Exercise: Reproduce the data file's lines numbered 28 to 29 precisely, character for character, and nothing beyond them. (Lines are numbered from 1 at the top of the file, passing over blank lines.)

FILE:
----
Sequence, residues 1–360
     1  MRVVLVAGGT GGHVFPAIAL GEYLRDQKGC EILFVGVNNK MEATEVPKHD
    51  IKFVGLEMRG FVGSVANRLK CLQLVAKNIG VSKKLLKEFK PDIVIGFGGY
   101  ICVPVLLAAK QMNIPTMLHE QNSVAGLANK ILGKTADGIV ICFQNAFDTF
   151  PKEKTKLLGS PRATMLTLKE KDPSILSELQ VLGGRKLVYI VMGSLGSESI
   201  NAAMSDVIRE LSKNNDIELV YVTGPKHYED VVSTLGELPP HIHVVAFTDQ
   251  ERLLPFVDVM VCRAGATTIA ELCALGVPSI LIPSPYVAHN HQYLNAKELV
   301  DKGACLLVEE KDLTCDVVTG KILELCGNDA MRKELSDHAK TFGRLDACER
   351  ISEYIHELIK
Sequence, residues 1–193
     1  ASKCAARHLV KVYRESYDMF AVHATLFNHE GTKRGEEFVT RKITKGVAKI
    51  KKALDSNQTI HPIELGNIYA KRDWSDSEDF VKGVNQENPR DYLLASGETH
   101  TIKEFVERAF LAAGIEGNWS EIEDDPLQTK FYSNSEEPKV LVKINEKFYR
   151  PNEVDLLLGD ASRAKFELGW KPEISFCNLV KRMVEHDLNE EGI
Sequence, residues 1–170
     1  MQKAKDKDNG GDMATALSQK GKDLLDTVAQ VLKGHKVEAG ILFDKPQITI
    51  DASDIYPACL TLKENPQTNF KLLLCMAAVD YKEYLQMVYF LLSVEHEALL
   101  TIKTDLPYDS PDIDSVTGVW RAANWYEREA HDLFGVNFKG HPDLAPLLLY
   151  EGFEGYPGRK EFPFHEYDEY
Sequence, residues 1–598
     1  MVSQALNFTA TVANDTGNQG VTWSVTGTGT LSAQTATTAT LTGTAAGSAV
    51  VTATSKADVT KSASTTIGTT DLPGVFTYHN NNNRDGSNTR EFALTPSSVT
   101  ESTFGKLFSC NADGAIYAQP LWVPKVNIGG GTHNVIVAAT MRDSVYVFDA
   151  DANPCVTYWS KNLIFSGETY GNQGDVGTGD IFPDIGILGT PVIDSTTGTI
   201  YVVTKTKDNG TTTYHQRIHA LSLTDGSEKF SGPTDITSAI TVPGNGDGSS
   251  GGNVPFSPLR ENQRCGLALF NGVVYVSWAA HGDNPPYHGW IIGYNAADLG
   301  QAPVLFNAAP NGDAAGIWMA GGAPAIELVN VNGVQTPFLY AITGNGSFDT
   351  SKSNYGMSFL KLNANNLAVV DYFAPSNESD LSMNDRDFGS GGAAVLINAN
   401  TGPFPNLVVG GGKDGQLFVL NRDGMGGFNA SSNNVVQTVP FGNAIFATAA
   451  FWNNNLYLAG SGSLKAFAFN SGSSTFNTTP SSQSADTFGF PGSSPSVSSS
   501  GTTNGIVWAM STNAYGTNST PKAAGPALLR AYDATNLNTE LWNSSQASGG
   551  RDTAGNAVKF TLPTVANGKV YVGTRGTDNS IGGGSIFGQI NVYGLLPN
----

   351  SKSNYGMSFL KLNANNLAVV DYFAPSNESD LSMNDRDFGS GGAAVLINAN
   401  TGPFPNLVVG GGKDGQLFVL NRDGMGGFNA SSNNVVQTVP FGNAIFATAA